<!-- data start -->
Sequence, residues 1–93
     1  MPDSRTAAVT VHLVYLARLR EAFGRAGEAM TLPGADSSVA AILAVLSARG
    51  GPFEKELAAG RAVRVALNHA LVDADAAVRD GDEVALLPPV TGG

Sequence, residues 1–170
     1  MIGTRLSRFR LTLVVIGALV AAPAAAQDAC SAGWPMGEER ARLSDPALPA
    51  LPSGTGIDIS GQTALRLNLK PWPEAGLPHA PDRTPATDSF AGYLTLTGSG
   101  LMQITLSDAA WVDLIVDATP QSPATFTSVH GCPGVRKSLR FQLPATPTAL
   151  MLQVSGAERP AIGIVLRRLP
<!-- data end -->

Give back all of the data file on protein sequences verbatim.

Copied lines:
Sequence, residues 1–93
     1  MPDSRTAAVT VHLVYLARLR EAFGRAGEAM TLPGADSSVA AILAVLSARG
    51  GPFEKELAAG RAVRVALNHA LVDADAAVRD GDEVALLPPV TGG

Sequence, residues 1–170
     1  MIGTRLSRFR LTLVVIGALV AAPAAAQDAC SAGWPMGEER ARLSDPALPA
    51  LPSGTGIDIS GQTALRLNLK PWPEAGLPHA PDRTPATDSF AGYLTLTGSG
   101  LMQITLSDAA WVDLIVDATP QSPATFTSVH GCPGVRKSLR FQLPATPTAL
   151  MLQVSGAERP AIGIVLRRLP